The Lifetime Ladder is called that because most people will find an optimal level of fitness on one of its rungs and maintain that level, more or less, for most of their subsequent years. The ideal level to attain depends on your age, your general state of health, and the characteristics of your own body. This isn't about training to become a professional athlete--it's a common sense program to maintain reasonable fitness in the interests of health and overall well-being. There's no reason to go off the deep end striving for levels above those you're happy with, and can sustain on a permanent basis.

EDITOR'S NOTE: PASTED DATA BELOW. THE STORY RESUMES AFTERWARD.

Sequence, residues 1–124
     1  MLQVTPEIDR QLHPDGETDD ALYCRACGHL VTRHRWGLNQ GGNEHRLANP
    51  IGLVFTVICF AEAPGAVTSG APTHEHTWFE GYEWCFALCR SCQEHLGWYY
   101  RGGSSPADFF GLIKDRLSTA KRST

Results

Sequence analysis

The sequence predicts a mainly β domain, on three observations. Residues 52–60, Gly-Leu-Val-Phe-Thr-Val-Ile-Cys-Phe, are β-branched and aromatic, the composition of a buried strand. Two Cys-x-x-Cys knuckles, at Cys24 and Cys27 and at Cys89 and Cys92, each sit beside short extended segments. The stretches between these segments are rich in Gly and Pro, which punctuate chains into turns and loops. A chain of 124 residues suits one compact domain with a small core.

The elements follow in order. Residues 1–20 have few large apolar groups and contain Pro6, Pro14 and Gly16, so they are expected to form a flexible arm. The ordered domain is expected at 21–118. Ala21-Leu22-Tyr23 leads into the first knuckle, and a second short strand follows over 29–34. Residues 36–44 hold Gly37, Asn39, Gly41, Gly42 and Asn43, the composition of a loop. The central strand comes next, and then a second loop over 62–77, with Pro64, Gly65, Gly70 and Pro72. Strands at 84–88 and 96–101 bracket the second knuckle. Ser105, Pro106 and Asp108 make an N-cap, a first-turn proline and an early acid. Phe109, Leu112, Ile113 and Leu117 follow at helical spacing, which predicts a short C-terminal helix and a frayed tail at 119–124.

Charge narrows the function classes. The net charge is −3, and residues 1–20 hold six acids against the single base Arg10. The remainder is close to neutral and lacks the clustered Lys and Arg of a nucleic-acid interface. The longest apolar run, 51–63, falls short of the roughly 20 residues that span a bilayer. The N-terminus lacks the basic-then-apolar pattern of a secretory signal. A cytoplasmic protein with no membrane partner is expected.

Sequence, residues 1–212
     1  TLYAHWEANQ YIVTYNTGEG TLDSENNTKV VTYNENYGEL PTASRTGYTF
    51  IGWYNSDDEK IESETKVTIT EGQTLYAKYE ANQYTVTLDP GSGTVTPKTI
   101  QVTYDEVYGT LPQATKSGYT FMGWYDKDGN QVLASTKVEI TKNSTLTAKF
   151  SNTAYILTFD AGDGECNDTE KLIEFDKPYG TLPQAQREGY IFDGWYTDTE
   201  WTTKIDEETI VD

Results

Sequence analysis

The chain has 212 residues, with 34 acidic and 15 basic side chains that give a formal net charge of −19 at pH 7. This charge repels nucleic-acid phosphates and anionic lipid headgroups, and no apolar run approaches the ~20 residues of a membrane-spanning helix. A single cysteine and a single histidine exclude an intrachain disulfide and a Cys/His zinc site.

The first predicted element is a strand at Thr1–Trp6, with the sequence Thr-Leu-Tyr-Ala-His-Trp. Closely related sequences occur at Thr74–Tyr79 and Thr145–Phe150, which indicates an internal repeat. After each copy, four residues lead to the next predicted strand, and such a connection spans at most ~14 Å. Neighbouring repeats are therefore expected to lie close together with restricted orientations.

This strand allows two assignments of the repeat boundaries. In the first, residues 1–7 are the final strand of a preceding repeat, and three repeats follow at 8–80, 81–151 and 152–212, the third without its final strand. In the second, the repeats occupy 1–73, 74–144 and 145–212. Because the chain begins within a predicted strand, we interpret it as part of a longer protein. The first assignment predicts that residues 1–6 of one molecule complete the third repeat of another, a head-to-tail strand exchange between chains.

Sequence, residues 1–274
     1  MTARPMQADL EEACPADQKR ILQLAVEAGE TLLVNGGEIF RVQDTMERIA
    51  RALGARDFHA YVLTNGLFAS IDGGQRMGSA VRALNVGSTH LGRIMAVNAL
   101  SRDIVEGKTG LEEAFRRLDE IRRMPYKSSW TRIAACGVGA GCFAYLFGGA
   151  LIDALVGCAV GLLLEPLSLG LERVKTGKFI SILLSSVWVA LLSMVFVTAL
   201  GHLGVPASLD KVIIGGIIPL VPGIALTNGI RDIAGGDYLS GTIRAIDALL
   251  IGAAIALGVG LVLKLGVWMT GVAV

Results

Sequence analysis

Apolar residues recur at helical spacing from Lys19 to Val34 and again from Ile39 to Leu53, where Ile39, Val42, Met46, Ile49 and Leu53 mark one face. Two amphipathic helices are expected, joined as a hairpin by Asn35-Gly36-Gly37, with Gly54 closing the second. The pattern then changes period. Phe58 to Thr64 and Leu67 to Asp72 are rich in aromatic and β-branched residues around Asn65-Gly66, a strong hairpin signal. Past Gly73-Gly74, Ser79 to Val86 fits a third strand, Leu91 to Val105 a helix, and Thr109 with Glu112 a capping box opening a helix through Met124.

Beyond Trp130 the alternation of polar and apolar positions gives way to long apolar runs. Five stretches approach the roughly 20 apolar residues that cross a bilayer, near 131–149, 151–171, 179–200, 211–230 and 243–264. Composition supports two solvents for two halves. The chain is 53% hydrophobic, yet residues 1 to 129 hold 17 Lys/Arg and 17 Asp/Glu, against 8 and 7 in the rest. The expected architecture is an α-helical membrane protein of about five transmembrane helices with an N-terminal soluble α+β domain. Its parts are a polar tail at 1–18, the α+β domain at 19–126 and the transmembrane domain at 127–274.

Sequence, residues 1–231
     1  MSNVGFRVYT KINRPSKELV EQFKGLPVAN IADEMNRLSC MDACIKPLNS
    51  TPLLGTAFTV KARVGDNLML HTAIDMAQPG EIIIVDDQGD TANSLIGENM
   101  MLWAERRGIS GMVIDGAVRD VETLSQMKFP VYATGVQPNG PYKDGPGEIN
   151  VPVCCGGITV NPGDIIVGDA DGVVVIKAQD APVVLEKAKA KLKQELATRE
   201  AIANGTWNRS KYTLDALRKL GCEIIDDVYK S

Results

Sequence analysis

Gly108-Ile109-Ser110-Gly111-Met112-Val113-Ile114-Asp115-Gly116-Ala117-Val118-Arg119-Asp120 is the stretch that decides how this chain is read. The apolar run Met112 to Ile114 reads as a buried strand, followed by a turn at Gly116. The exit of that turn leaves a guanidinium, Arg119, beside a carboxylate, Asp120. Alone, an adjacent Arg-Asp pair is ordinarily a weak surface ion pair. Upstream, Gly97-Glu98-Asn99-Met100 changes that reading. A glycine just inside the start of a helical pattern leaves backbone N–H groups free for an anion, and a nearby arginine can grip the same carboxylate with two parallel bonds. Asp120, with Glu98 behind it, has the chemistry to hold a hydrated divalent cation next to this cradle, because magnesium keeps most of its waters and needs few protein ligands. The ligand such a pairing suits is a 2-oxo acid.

Almost all adults in good general health can reach and maintain rung 20 of the Lifetime Ladder, assuming they're not overweight or otherwise physically constrained. Most people below the age of 50 will have no trouble reaching rung 25. Beyond that, just continue to advance until you settle on a level you're happy with and can maintain every day. If, after a couple of months, the exercises at that rung begin to seem easier, your body's telling you its conditioning is continuing to improve. Try moving up to the next level and if it doesn't pose a problem, settle there.